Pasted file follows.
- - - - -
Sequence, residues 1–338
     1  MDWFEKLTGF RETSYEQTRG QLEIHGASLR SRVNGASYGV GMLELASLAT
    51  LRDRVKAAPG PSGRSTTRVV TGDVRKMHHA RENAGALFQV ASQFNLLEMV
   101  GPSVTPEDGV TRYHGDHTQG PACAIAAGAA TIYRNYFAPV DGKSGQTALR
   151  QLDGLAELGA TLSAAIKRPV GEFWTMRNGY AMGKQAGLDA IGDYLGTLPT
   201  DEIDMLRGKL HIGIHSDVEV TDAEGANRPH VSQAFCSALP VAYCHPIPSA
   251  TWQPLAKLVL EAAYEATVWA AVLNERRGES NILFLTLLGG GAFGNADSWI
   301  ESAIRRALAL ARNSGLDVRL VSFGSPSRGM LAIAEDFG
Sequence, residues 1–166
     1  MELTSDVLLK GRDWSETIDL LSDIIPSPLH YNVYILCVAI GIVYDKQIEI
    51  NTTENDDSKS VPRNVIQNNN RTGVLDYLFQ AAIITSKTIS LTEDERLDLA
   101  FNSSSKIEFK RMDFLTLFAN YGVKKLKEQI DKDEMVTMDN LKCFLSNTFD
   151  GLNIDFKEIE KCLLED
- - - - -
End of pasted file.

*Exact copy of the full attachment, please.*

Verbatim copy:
Sequence, residues 1–338
     1  MDWFEKLTGF RETSYEQTRG QLEIHGASLR SRVNGASYGV GMLELASLAT
    51  LRDRVKAAPG PSGRSTTRVV TGDVRKMHHA RENAGALFQV ASQFNLLEMV
   101  GPSVTPEDGV TRYHGDHTQG PACAIAAGAA TIYRNYFAPV DGKSGQTALR
   151  QLDGLAELGA TLSAAIKRPV GEFWTMRNGY AMGKQAGLDA IGDYLGTLPT
   201  DEIDMLRGKL HIGIHSDVEV TDAEGANRPH VSQAFCSALP VAYCHPIPSA
   251  TWQPLAKLVL EAAYEATVWA AVLNERRGES NILFLTLLGG GAFGNADSWI
   301  ESAIRRALAL ARNSGLDVRL VSFGSPSRGM LAIAEDFG
Sequence, residues 1–166
     1  MELTSDVLLK GRDWSETIDL LSDIIPSPLH YNVYILCVAI GIVYDKQIEI
    51  NTTENDDSKS VPRNVIQNNN RTGVLDYLFQ AAIITSKTIS LTEDERLDLA
   101  FNSSSKIEFK RMDFLTLFAN YGVKKLKEQI DKDEMVTMDN LKCFLSNTFD
   151  GLNIDFKEIE KCLLED